But unless great care is taken, the erotic force of these wonderful emotions will also eventually begin to dissipate, and ultimately degenerate into something negative. If we focus our attention inward and look honestly at these swirling emotions, we see that they are passive emotions. Rather than actually actively loving the Beloved, we find a desperate emotional need for the Beloved to love us. That is, after the initial exhilaration of falling ‘in love’, the situation soon deteriorates into a passive/aggressive demand to be loved. This, of course, eventually evokes resentment on the part of the Beloved, and we see this over and over again in the romantic tragedies of our lives, as couples get together, break up, get together in new pairs, break these up too, finally pair up in marriage, and then spend years tied together in misery and loneliness, or get divorced and continue the same old process all over again. This hopeless floundering between ecstasy and despair is all that most of us will ever know of love.
(3) But there is a third kind of love which has to do with the Mind. This is the love that Jesus is talking about with his disciples, a conscious love that requires the Mind to be active – and this requires genuine maturity, so that we are no longer at the mercy of vulgar fashion trends or emotional selfishness.
The disciples must learn to consciously and actively love, regardless of whether they receive love in return. They must love the enemies who hate them, they must love the persecutors who torture them, they must love the righteous and the unrighteous alike. This will require a Herculean effort of Will.
Considering how filled with rage and malice we become when someone merely cuts us off in traffic, we really must see that, as we are, we would in no way be capable of loving an enemy who was literally trying to kill us. But if we recall that the term ‘enemy’ can symbolically refer to the friend or husband or wife who at the moment happens to be annoying us, we can bring this idea down to a level where we might be able to make use of it. Even tax collectors can feel lovingly toward people when all is going well and people are behaving lovingly toward them. When things are not going well, when life is difficult, when our ‘Beloved’ is being moody and exasperating – this is when real effort is required to give love, and this is when love really means something. When we can honestly wish for the happiness and well-being of another human soul, regardless of their behavior, with no thought to any results for ourselves, this is when love really means something.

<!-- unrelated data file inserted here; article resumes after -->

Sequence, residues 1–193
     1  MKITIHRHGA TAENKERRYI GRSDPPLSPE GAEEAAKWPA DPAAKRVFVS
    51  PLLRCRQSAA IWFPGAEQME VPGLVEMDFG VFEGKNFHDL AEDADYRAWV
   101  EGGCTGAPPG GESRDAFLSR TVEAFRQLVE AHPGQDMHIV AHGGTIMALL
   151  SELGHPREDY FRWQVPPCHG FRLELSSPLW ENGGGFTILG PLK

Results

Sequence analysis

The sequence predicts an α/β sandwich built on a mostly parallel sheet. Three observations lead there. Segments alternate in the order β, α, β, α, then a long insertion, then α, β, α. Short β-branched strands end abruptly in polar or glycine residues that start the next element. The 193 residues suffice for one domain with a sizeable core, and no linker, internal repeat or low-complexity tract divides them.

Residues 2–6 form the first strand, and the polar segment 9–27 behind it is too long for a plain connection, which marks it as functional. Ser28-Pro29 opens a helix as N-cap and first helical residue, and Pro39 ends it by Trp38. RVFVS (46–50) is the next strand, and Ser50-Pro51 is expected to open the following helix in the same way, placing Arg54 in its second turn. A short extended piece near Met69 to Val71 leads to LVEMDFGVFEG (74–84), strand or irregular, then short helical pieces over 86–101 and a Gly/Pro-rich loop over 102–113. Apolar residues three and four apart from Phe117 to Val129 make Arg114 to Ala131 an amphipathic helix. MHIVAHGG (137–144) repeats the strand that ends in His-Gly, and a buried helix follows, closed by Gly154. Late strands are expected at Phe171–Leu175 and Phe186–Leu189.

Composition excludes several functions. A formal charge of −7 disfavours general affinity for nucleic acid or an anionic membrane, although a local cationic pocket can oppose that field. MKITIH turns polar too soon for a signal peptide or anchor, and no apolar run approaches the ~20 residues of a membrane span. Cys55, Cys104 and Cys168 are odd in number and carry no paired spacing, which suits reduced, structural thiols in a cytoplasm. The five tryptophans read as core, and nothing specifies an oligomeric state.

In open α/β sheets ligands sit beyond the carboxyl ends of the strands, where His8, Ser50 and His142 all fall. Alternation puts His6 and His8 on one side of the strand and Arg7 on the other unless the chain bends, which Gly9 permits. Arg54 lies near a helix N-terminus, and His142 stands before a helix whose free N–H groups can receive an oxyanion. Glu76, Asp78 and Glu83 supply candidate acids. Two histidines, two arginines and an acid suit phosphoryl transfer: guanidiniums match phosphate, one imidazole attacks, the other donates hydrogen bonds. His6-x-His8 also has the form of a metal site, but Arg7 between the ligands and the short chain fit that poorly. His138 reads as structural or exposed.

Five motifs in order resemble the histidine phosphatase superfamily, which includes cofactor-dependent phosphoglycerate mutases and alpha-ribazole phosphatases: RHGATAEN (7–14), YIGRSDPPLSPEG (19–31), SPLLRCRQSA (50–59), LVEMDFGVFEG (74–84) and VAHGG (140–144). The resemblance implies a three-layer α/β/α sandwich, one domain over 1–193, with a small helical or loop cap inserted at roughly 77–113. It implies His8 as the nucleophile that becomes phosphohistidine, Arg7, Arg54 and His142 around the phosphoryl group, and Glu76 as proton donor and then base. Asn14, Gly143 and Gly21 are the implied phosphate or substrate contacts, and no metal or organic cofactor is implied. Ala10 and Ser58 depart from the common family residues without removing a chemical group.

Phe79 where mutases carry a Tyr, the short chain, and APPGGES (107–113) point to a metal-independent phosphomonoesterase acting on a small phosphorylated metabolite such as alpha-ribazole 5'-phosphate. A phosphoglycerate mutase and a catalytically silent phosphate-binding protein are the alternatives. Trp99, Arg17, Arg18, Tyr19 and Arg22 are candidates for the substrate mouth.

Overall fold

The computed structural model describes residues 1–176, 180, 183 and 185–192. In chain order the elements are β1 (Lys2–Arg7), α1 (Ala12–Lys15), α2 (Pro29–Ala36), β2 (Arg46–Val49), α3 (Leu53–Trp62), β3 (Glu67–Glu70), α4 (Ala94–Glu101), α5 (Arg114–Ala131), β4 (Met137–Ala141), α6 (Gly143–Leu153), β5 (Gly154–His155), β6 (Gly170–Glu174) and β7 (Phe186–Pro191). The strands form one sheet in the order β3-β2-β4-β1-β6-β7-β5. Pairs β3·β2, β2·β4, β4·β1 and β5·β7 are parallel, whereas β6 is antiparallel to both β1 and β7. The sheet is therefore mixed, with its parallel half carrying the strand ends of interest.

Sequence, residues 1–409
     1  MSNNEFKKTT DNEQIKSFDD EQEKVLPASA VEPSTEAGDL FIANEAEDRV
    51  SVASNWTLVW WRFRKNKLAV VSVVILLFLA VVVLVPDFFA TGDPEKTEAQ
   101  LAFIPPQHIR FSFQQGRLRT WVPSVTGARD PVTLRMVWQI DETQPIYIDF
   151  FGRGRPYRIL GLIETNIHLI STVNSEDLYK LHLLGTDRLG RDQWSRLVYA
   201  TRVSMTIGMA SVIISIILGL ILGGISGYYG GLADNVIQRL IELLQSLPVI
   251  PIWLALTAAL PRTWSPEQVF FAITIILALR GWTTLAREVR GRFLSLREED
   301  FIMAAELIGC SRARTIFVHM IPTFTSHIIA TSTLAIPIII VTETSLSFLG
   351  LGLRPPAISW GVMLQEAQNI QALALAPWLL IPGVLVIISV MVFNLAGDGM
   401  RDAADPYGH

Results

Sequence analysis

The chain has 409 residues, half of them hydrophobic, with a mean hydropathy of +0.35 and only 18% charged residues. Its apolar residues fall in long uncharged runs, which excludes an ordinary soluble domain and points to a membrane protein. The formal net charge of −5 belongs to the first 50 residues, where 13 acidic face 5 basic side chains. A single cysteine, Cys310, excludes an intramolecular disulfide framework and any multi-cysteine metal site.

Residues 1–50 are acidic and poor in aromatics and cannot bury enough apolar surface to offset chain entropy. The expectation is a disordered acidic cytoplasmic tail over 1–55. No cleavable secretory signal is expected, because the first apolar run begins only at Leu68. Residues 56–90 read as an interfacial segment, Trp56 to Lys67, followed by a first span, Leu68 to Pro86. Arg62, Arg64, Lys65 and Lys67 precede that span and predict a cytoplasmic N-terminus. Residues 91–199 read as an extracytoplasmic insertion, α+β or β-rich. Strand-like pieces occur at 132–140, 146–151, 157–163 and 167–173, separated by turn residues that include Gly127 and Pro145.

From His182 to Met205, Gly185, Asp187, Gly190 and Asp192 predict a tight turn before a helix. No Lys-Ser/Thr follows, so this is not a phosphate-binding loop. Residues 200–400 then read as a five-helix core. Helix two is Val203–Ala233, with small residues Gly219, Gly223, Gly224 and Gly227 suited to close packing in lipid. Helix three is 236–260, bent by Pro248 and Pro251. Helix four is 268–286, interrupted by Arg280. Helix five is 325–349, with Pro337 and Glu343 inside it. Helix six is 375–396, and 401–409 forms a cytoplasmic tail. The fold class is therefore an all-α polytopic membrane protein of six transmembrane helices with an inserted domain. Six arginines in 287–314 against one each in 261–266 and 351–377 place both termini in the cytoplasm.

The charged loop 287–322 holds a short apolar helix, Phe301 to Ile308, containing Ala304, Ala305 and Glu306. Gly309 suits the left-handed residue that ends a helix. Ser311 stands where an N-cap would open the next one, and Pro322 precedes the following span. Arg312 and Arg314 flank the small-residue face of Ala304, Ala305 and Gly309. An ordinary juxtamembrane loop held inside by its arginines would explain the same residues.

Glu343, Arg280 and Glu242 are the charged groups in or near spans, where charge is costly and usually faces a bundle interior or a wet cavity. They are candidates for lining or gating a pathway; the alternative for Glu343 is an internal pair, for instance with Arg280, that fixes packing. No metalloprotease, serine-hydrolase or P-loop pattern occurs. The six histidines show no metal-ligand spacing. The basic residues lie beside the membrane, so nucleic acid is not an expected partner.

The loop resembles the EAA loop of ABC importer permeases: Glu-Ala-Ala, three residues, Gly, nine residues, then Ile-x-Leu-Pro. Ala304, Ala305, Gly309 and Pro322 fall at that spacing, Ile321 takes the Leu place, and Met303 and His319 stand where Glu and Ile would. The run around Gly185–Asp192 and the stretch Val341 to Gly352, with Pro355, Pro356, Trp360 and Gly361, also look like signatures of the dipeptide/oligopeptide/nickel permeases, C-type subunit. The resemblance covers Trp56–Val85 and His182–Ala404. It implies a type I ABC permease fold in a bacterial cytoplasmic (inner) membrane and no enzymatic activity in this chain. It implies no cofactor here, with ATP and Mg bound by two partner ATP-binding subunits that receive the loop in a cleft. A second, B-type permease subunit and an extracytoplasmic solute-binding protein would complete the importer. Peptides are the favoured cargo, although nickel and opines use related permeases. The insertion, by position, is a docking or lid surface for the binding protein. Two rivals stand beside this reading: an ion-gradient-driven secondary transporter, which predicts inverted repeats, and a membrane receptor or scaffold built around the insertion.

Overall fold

In the case of a deep and nourishing friendship, the efforts of conscious love are necessary to sustain the relationship throughout the years. A marriage, however, requires even more. A marriage requires all three kinds of love. But it is only the Mind’s conscious effort to steadfastly love even our ‘enemies’, to will ourselves to love the Beloved even in the most trying of moments, that can fan the fires of our physical hunger and emotional passion and keep them burning year after year.
Our ancestors, at least in theory, understood this idea far better than we do. They arranged the marriages of their children, and then taught them (or perhaps just forced them by trial and error to learn for themselves) how to create an active and long lasting love. It did not always succeed, but many of these marriages were filled with contentment and joy as two strangers learned how to love one another. Today, we base our marriages on emotionally ‘falling in love’, which certainly seems more fair and more romantic. But no one ever teaches us how to love our partners actively and consciously so that love can continue to blossom and to grow, rather than to passively deteriorate. Without this knowledge and ability, most marriages are doomed to fail, since a solely emotional ‘love’ (which is really just a demand to be loved) eventually evokes its opposite: that is, it evokes resentment in return.
As Christ realized, it is only conscious love, a selfless love that does not demand anything in return, that paradoxically evokes love in return.
About The Author
Dr. Andrew Cort, D.C., J.D., is a Teacher, an Attorney, and a Doctor of Chiropractic. His books include “Return to Meaning: The American Psyche in Search of its Soul” (this article is an excerpt), “The Song of Songs: A Lover’s Poetic Dialogue”, and “From Joshua to Jesus“. To read Free Excerpts, to order books, and to find out about Talks and Seminars, visit http://www.andrewcort.com. Dr. Cort lives in the Berkshires in western Massachusetts.